Nicolle Barton, the oversight board's executive director, tells the RFT, “We do agree with Internal Affairs about 80 to 85 percent of the time." But, she says, in many instances, Internal Affairs is in fact taking action against officers: "Internal Affairs' findings can be anywhere from the compliant was unfounded to the complaint was referred to mediation…to the complaint was sustained.”
Individuals who feel they’ve been a victim of police misconduct can file a complaint through a Joint Civilian Complaint Form with the board. The complaint is then forwarded to Internal Affairs, and Barton says it is Internal Affairs that “does all the initial investigation, collecting witness statements as well as audio, video and medical reports, and then they turn that information over to us.”
The board does have the authority to do a separate outside investigation, but unless it's granted subpoena power, it can’t compel anyone to give testimony or evidence.
The board meets once a month, first in a closed session then in a session open to the public. The open sessions are often sparsely attended by the public, according to one activist who often goes to the open meetings. (In fact, the activist was the only other member of the public at the March meeting aside from this reporter; no other journalists were present.)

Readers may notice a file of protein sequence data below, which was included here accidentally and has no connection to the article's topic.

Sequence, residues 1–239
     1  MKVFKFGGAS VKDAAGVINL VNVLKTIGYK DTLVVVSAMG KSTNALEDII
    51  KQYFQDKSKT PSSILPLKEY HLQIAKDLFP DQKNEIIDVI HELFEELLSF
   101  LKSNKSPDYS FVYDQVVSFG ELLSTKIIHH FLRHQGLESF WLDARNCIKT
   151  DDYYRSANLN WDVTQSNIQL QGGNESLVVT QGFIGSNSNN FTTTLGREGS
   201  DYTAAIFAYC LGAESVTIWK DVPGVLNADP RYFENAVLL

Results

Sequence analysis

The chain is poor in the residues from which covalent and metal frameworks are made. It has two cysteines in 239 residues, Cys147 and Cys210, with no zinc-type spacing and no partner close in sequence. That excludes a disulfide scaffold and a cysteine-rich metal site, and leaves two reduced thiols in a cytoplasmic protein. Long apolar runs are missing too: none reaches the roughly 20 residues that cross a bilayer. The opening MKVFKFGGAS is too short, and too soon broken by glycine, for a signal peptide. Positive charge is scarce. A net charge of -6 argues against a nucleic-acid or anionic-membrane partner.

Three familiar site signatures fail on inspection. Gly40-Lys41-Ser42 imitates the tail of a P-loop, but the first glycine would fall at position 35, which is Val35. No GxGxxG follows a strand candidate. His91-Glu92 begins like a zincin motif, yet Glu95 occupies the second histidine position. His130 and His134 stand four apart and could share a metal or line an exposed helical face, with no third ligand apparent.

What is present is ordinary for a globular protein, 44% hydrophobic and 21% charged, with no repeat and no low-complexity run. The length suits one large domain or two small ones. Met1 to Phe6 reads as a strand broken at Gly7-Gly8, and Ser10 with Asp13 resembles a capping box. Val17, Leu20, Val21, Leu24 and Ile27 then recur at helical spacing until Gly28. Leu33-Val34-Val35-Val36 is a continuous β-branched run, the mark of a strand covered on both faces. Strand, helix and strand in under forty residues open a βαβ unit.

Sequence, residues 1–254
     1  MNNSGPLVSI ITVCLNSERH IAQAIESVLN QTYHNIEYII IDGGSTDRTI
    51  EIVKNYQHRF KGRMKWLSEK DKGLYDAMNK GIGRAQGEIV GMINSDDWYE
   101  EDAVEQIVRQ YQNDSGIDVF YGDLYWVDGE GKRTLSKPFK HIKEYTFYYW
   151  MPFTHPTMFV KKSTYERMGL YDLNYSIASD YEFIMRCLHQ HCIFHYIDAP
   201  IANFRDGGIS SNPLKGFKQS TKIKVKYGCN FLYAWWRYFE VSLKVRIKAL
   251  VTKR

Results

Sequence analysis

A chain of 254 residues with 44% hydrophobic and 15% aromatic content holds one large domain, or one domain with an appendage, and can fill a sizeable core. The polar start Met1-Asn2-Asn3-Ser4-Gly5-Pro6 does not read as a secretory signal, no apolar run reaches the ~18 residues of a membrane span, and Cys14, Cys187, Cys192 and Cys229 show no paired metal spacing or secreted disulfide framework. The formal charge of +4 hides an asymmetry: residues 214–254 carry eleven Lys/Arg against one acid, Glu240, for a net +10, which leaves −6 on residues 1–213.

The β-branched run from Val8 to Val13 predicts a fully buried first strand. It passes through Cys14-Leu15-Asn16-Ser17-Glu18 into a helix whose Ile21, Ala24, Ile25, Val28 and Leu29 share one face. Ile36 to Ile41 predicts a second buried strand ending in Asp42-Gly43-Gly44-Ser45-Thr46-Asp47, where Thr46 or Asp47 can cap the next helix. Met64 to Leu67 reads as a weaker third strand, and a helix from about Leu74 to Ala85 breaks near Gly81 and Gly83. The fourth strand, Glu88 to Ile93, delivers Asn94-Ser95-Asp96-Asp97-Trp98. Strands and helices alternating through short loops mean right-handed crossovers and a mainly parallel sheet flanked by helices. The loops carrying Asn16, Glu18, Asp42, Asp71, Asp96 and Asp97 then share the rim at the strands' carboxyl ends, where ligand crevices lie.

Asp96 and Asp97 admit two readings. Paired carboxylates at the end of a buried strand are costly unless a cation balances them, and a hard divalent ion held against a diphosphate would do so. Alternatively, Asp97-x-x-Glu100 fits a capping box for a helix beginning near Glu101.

In several cases in the past year, the oversight board has urged that the city change policies and procedures in response to an incident, even when it found no wrongdoing by the officers in question.
In September 2017, for instance, the board discussed a complaint from an individual who alleged being beaten, tased and hit in the face by the barrel of a rifle as police executed a search warrant. The complaint also alleges officers shot their dog.
Internal Affairs found the allegations not sustained, and the oversight board unanimously agreed. However, board member Stephen Rovak motioned, in regard to this incident, that if a person in police custody “is tased three or more times that the subject be taken to the hospital for evaluation” before going to jail. The board unanimously approved the motion.
Recommendations like this one are sent directly to Police Chief John Hayden as well as Director of Public Safety Jimmie Edwards.